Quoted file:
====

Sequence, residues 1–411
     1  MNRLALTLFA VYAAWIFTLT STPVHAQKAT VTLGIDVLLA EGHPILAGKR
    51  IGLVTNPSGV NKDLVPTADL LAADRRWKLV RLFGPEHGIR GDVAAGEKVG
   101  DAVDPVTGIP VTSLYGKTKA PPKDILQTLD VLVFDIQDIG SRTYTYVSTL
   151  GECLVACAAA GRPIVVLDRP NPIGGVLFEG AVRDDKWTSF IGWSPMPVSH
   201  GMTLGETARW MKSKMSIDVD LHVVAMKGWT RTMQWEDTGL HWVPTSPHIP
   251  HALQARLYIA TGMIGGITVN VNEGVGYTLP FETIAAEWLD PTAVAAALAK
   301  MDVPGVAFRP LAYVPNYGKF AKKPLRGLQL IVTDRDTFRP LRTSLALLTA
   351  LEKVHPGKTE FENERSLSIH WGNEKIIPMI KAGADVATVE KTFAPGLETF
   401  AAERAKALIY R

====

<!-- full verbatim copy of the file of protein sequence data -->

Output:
Sequence, residues 1–411
     1  MNRLALTLFA VYAAWIFTLT STPVHAQKAT VTLGIDVLLA EGHPILAGKR
    51  IGLVTNPSGV NKDLVPTADL LAADRRWKLV RLFGPEHGIR GDVAAGEKVG
   101  DAVDPVTGIP VTSLYGKTKA PPKDILQTLD VLVFDIQDIG SRTYTYVSTL
   151  GECLVACAAA GRPIVVLDRP NPIGGVLFEG AVRDDKWTSF IGWSPMPVSH
   201  GMTLGETARW MKSKMSIDVD LHVVAMKGWT RTMQWEDTGL HWVPTSPHIP
   251  HALQARLYIA TGMIGGITVN VNEGVGYTLP FETIAAEWLD PTAVAAALAK
   301  MDVPGVAFRP LAYVPNYGKF AKKPLRGLQL IVTDRDTFRP LRTSLALLTA
   351  LEKVHPGKTE FENERSLSIH WGNEKIIPMI KAGADVATVE KTFAPGLETF
   401  AAERAKALIY R